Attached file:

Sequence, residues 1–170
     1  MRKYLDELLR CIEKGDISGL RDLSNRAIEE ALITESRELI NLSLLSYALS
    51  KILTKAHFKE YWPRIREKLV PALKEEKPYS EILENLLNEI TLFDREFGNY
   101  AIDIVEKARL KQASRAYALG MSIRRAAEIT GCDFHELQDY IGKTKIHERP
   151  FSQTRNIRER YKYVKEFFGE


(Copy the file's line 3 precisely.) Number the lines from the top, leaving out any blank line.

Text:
    51  KILTKAHFKE YWPRIREKLV PALKEEKPYS EILENLLNEI TLFDREFGNY